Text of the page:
Friends and family of OCD sufferers experience it as an extreme narcissism. The compulsion is all the sufferer talks about. Nothing else matters. Asa, the protagonist, is obsessed with germs, ingesting them and absorbing them.
Green nailed the self-focused nature of OCD, the way it eats away at the integrity of many relationships. To be with someone who has OCD requires either an uncanny ability to self-protect (Asa’s best friend) or an instinct to over-protect the sufferer (Asa’s mother).
What Green did not write about was the rage.
I had neither the ability nor the instinct to be with my mother who, when she wasn’t washing her hands, talked about washing hands -- our hands as well as hers. I mostly raged. At her for her lack of control. At myself for my lack of compassion.
Even though she tried mightily to connect with me by doing things like sewing the latest fashions for me, her OCD always interrupted or threatened to interrupt. OCD and my mom felt like bullies who crossed every line, who betrayed me, who could not possibly love me. If she loved me, she would stop.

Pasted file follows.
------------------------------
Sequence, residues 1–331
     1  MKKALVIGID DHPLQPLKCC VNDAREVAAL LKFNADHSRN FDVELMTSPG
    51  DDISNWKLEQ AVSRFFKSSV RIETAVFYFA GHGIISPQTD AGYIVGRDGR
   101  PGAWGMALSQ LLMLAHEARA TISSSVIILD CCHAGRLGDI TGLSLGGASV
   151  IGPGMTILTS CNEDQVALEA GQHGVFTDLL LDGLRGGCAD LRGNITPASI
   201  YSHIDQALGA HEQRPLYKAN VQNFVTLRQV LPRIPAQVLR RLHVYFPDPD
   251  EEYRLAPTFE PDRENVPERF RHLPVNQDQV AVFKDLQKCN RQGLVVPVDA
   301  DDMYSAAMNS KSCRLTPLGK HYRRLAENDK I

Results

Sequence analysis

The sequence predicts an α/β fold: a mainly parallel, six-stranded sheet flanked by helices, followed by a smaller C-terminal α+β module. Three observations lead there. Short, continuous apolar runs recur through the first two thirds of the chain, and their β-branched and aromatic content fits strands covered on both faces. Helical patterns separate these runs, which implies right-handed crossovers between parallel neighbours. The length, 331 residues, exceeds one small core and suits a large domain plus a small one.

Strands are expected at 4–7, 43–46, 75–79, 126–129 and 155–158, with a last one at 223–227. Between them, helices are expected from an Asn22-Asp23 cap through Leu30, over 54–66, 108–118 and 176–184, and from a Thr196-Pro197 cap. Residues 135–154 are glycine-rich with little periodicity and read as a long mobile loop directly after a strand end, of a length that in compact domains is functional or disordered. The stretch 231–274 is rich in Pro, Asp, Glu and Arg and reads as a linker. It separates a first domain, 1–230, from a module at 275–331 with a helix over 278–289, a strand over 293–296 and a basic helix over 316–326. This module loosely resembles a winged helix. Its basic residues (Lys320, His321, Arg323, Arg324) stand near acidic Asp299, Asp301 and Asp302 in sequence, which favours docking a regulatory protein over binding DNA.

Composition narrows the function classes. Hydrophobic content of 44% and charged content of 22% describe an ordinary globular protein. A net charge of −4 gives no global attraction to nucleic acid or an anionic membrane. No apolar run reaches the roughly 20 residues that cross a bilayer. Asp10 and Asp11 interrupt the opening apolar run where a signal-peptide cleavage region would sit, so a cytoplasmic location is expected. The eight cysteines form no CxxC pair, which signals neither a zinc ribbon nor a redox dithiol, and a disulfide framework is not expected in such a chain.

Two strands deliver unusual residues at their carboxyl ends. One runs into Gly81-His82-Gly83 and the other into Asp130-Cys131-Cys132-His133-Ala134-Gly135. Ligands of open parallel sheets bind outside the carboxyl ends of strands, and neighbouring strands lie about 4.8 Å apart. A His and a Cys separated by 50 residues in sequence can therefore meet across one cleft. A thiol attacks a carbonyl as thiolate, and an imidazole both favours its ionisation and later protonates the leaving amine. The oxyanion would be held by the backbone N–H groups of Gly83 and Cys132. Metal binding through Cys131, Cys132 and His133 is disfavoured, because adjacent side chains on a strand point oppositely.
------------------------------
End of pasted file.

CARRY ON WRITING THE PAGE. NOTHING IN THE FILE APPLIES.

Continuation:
So I did what every good adult co-dependent does, I surrounded myself with people just like her. For years, I didn’t recognize her in them because they didn’t wash their hands compulsively. But narcissism roiled inside them.
I didn’t address this tendency in me until my dad died and my mom needed me. We were honest with each other in a way I never thought possible. I saw her sense of humor. She saw mine. We laughed and healed. And finally I felt loved.
I had just a couple years with her before she succumbed to Alzheimer’s disease and as she descended into dementia, I righted my life. I loved her and protected her fiercely. She let me hold her for the first time. She held me. She somehow knew I was going through a wretched time outside of her nursing home life but by then she couldn’t speak. By the time she died, I was on a completely different path. Less rage. Fewer narcissists.
Green’s characters continued to suffer even at the book’s end; there’s no blue ribbon cure for OCD or really any human disorder of the mind. But “Turtles All the Way Down” gave me an opportunity to reflect on OCD’s heartbreaks and gifts. And my mother’s legacy.